The Indian Point nuclear power plant will be the first in the country to undergo a review of seismic risk by federal regulators, Gov. Andrew Cuomo said Tuesday.
The announcement came after members of the Cuomo administration, including Lt. Gov. Robert Duffy, met with officials from the U.S. Nuclear Regulatory Commission (NRC) at the agency's Maryland headquarters.
"Indian Point will be the NRC's top priority and will be reviewed first among the 27 plants that are being reviewed by the NRC," Duffy said, adding that he did not know when the review would take place.
According to a report released last fall Indian Point, which lies near the Ramapo fault line, is than any other nuclear plant in the eastern or central United States. That fact has come into focus in the aftermath of the March 11 earthquake and tsunami in Japan that destroyed the Fukushima Dai-ichi nuclear plant.
Cuomo, a longtime vocal opponent of Indian Point, has repeatedly called for the NRC to deny the plant's reactors new licenses when the current ones expire in 2013 and 2015.
"My position has been that the plant is risky and should not operate, and that being said I was surprised to hear of the significant seismic risk," Cuomo told reporters on Tuesday.
The freshman governor went on to say that he took issue not only with Indian Point, but with the NRC's entire process of reviewing nuclear sites.
"They don't take a whole new look. They see it more as an update on the physical plant capacity," he said. "Things have happened, the world has changed."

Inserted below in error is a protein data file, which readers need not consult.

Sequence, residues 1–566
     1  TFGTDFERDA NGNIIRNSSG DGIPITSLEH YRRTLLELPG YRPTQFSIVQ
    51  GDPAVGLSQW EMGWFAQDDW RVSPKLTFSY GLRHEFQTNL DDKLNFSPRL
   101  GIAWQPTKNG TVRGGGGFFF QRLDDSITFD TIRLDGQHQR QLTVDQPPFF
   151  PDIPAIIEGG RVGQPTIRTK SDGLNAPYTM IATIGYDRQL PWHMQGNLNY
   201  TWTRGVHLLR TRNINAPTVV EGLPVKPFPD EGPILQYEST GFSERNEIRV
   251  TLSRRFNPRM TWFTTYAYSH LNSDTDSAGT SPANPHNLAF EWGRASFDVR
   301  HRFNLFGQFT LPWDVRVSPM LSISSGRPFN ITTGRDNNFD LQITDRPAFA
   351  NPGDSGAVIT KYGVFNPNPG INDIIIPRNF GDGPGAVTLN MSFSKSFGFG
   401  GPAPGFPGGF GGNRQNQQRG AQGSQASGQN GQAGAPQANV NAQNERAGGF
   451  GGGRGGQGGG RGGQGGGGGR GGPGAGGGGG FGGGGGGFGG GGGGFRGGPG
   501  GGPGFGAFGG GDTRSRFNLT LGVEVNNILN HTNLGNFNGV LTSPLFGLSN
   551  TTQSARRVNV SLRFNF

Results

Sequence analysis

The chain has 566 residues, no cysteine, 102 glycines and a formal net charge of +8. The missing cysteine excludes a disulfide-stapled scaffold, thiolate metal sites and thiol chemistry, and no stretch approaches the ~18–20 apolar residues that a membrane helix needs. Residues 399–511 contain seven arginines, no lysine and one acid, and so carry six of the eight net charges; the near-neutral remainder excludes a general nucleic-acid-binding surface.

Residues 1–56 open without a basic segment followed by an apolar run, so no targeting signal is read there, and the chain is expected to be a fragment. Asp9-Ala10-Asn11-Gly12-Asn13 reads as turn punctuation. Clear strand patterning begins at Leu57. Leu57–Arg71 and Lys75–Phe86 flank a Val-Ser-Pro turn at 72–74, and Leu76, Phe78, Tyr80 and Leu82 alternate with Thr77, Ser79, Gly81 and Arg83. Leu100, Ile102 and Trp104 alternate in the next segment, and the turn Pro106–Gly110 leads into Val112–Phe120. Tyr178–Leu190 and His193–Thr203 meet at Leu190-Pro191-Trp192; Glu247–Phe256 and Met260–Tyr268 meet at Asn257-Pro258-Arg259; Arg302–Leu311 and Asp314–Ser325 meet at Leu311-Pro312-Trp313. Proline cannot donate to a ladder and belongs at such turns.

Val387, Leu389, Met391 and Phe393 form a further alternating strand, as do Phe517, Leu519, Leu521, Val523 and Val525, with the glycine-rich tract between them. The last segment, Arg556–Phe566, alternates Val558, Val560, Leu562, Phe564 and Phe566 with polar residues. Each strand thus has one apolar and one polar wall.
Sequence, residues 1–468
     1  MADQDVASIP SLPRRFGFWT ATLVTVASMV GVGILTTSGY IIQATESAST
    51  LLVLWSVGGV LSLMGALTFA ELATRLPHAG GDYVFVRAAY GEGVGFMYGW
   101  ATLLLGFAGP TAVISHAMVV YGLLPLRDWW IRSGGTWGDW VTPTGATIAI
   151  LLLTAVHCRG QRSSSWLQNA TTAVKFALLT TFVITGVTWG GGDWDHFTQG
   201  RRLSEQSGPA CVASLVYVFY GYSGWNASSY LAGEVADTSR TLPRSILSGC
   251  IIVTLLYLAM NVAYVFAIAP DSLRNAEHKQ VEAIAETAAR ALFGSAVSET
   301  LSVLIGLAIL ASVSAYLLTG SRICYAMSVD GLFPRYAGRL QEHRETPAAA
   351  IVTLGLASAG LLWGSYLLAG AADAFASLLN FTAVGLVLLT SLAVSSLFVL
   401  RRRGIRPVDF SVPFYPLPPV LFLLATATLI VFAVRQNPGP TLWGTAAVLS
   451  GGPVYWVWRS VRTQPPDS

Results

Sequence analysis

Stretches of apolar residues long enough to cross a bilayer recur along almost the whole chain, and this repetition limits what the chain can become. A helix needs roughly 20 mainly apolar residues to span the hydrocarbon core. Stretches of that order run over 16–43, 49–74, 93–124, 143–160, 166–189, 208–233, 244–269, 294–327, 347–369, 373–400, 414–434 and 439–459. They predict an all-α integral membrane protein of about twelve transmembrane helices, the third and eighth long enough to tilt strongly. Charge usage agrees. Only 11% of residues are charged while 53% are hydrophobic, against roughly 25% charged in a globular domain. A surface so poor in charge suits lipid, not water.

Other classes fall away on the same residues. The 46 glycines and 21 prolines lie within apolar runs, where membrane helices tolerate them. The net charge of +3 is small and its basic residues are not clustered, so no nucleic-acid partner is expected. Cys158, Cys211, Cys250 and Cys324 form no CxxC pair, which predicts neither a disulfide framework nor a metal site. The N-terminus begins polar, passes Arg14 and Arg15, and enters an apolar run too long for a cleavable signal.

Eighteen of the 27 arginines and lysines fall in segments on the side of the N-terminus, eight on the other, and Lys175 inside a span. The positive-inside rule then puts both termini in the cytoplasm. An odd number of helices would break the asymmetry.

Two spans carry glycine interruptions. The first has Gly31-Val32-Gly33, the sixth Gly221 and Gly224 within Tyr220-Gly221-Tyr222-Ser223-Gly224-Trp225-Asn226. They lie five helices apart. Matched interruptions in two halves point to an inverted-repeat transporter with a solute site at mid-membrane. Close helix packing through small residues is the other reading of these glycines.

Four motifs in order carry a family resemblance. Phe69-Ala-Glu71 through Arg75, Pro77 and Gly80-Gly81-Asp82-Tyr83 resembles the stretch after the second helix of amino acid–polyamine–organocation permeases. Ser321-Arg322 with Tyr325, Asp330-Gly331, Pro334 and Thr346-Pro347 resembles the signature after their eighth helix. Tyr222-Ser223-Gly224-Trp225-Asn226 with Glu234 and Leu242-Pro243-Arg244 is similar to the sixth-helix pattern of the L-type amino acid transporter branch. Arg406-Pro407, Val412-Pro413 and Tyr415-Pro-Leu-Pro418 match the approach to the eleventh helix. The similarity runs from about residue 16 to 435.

The NRC has also agreed to share seismic data with state officials and include members of Cuomo's cabinet in on-site inspections of the Westchester plant.
Officials from Entergy, the company that owns the plant, discussed a range of issues with county legislators at a committee meeting on Monday.
John McCann, the company's vice president for nuclear safety, insisted that Indian Point could not face a disaster similar to that in Japan. But he did concede that federal regulators will likely force an overhaul of procedures designed to mitigate fallout from an earthquake.
“I have no doubt there will be changes we make in response to this event,” McCann said, adding "we need to be careful about not moving too quickly."
At that meeting, lawmakers repeatedly raised concerns about the effectiveness of current evacuation plans, which only cover a 10-mile radius. About 18 million people live within 50 miles of Indian Point.
Legislator Peter Harckham (D-Katonah) said that he was evacuated during the 1979 meltdown at the Three Mile Island plant in Pennsylvania, and that the plan "didn't work."
"When I hear about evacuation, whether it's 10 miles or 50 miles, I personally don't have a lot of confidence," he said.
Cuomo on Tuesday echoed Harckham's concerns.
"Evacuation, I don't believe, is even a feasible concept when you're talking about this plant, in this area, with this [population] density," he said.